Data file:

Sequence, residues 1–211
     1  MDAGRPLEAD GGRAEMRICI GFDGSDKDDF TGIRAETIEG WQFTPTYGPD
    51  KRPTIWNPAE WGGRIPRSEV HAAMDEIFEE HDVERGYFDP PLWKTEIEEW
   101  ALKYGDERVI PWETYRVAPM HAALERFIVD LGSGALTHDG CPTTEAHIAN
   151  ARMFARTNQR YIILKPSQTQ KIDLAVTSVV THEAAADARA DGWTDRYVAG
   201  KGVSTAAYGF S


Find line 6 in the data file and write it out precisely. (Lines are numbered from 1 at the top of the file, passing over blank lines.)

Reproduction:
   201  KGVSTAAYGF S